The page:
IDAHO FALLS — Options are key to connecting kids to college, says Tonya Tracy. The more options, the better.
“We’re trying to explode the number of choices for students,” said Tracy, a state transition coordinator who works with the College of Eastern Idaho.
Around 320 area high schoolers are currently enrolled in dual credit courses at Idaho’s newest community college, said CEI Director of Institutional Effectiveness Lee Stimpson.
Total dual credit count: about 1,200.
Part of Tracy’s job is to introduce students — and in some cases, their schools — to a range of courses for kids hoping to get a jumpstart on higher ed.
It’s about finding what works best for students, Tracy said.
It’s also about promoting a statewide plan to increase the number of high school graduates pursuing a college degree or certificate. Idaho’s go-on rate has remained flat at around 45 percent over the last three years, despite an ongoing, multimillion-dollar state investment to get more kids to continue their education.
Bridging the gap between high school and college is a key part of the push. The state’s Fast Forward program gives every public secondary student $4,125 to pay for dual credit courses, which allow students to earn both high school and college credits simultaneously.
Students who use the money get access to college coursework at a discounted price of $75 per credit.
CEI, now in its second year, hopes to spread the word about a series of new and continuing dual credit offerings for East Idaho students.
CEI’s 2017 transition to a community college allowed area students to start taking dual credit general education, career-technical and workforce-training courses at its Idaho Falls campus. The college has expanded this option through outreach locations for students in Driggs, Rexburg and Salmon.
Like other state colleges and universities, CEI can also grant college credits through approved dual credit courses at area high schools. Currently, six high schools combine to offer 15 different general education and CTE courses through CEI on their own campuses. These include: Bonneville, Thunder Ridge, Rigby, Hillcrest, Tech Careers and Bingham Academy high schools.
The college also offers technical competency courses tied to six different career pathways — from applied accounting to welding — at Idaho Falls, Madison, Rigby Skyline, Tech Careers and Thunder Ridge high schools.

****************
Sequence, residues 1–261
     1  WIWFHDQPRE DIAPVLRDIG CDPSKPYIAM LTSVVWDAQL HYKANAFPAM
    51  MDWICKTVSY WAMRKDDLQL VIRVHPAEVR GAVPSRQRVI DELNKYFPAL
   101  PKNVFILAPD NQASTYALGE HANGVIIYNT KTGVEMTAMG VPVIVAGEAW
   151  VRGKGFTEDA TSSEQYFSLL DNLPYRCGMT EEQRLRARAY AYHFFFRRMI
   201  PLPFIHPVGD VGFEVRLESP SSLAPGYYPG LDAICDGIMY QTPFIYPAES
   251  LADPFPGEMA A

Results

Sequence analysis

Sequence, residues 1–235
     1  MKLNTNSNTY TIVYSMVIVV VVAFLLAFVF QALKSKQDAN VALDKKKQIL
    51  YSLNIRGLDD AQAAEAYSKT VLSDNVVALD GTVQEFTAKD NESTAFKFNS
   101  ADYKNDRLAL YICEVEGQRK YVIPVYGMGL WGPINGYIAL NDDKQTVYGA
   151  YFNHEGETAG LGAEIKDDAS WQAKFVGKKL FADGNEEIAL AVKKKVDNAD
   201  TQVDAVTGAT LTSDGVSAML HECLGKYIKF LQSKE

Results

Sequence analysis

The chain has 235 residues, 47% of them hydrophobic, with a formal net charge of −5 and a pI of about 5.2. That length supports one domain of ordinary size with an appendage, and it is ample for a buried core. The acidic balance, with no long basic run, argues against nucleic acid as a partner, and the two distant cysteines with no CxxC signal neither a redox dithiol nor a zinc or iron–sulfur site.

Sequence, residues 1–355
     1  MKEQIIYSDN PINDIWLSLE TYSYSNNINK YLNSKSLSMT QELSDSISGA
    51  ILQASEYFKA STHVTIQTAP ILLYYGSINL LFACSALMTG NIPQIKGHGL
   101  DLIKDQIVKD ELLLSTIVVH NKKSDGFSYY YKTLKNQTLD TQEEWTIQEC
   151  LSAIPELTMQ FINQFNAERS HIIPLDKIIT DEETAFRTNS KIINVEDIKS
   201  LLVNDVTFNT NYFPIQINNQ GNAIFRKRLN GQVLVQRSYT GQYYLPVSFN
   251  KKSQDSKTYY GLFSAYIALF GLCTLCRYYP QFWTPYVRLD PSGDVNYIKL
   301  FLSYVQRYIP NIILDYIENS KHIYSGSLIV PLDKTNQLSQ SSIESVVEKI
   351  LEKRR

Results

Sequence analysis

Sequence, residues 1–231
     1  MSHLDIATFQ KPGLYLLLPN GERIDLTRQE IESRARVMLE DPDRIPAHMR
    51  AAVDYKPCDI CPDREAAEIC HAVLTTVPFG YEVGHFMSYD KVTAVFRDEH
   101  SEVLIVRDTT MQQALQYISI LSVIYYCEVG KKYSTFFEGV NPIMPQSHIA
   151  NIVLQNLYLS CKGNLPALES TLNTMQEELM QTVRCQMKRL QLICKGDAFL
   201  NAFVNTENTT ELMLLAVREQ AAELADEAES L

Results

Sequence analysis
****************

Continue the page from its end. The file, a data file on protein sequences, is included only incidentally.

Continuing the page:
While on-site courses absorb most of CEI’s dual credit participants, new options have accompanied the new school year.
Students can now enroll in online dual credit courses through Idaho Digital Learning Academy, and 18 available online general education courses taught by CEI faculty.
And if an area school lacks a math teacher qualified to teach dual credit courses, CEI can provide one. The college’s “reverse concurrent” program now allows a CEI faculty member to travel to area high schools to teach dual credit calculus to interested students.
One teacher is already holding a reverse concurrent class at Idaho Falls’ Compass Academy, Tracy said.
Other new dual credit programs include:
- Courses for homeschoolers enrolled through state-approved online curriculum providers.
- “Jump Start,” a partnership with the Idaho Falls School District that let’s kids start a 36-credit associate’s degree as juniors.
At least one Idaho Falls student finished her associate’s degree before finishing high school, the Post Register reported in May.
Another student, Belén Muñoz, is on track to complete prerequisites for CEI’s associate nursing degree by this fall. She said over 20 dual credits, earned during her junior and senior years at Compass, saved her thousands of dollars in tuition — and sped up the completion of her degree by nearly a year.
After CEI, Muñoz said, it’s off to Idaho State for bachelor’s degree.
“More students should be more driven to take dual credit classes,” Muñoz said. “This should be talked about more in schools and in homes.”
For Tracy, it all comes back to options: “We just need to help students find the right ones.”
This article was originally posted on IdahoEdNews.org on September 30, 2019